Quilting was taught to the women of the Hawaiian Islands by the missionaries from New England in the 1820s. They taught them to sew scraps of traditional materials from New England. Prior to learning the art of making quilts, Hawaiians made textiles in the form of bed covers known as 'Kapa Moe'.
They were made from the barks of trees, as the weather in Hawaii was not favorable for cotton cultivation. The barks were beaten, felted and dyed into patterns. After learning the quilting techniques and adapting to the fabrics provided from West, the Hawaiians used their own creative style to make quilts that were reflected in their traditions and cultures.
The designs used by the natives in quilt-making are created using inspiration from nature, and also reflects their personal experiences. They are created on the basis of a certain observation, a significant event, or even dreams.
Famous Types of Hawaiian Quilts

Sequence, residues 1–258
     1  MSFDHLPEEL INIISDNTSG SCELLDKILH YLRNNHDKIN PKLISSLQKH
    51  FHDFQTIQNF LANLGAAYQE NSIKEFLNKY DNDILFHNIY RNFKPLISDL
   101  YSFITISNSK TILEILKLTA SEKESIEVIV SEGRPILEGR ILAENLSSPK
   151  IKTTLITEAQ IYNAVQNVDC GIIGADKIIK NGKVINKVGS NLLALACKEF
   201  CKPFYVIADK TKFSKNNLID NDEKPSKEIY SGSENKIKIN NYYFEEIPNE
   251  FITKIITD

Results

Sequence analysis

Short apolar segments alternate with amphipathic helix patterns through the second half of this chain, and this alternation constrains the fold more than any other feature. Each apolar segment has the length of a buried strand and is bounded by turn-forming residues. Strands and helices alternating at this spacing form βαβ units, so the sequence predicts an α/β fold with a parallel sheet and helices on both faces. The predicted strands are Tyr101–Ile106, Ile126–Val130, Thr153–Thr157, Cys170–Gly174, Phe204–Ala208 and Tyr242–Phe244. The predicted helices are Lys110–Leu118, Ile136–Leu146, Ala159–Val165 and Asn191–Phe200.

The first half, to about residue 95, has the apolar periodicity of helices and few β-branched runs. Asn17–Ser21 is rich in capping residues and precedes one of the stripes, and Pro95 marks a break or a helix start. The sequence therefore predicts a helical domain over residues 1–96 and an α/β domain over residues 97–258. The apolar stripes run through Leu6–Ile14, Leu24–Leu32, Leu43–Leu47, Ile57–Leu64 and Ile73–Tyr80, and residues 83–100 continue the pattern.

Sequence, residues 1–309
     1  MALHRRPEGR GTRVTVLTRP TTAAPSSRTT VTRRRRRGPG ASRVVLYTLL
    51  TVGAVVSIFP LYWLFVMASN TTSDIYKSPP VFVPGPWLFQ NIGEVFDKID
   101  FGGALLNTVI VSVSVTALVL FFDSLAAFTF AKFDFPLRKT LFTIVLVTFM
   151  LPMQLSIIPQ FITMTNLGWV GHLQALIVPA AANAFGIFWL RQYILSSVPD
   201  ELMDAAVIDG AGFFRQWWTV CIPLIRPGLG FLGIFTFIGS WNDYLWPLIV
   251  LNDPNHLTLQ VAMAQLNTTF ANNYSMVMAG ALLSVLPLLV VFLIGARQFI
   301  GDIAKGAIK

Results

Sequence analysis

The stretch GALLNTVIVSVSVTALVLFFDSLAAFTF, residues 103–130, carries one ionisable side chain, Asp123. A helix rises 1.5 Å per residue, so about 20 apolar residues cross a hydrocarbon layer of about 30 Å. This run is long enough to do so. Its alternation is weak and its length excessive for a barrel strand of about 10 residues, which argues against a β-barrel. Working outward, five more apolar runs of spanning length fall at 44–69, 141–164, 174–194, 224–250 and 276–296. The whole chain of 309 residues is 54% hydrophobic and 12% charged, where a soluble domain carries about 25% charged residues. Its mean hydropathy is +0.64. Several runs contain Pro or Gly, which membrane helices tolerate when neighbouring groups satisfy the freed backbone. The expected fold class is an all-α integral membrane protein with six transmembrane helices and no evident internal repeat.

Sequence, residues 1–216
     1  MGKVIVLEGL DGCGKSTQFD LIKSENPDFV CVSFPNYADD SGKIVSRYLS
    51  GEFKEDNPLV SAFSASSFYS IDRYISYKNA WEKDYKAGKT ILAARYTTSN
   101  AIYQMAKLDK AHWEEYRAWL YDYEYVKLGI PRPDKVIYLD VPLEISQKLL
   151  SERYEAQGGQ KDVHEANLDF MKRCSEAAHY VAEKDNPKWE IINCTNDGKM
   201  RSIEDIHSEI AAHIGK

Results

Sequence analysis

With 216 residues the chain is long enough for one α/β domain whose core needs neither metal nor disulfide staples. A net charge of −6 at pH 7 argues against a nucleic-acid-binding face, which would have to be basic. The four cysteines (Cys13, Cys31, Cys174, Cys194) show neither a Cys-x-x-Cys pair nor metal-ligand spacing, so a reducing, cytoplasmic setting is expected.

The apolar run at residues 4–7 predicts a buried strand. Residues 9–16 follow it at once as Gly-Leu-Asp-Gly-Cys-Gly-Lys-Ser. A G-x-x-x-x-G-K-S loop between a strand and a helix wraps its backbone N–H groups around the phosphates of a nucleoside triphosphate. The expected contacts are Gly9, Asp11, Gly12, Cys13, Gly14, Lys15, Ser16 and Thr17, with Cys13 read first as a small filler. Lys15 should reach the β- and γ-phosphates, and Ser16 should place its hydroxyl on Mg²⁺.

The Flag Quilt: This traditional style uses the Hawaiian flag and symbols of Hawaiian royalty in its designs. They are known as 'My Beloved Flag' quilts. These quilts represent the independence of the Hawaiian Islands as a sovereign kingdom, that are owned by some of the families on the island.
Queen Liliuokalani's Quilt: This quilt was made by Queen Liliuokalani using the 'crazy quilting method'. She made it while she was imprisoned in her palace after the downfall of the Hawaiian monarchy by the United States. This quilt is now termed as 'priceless' and is considered an important part of Hawaiian history.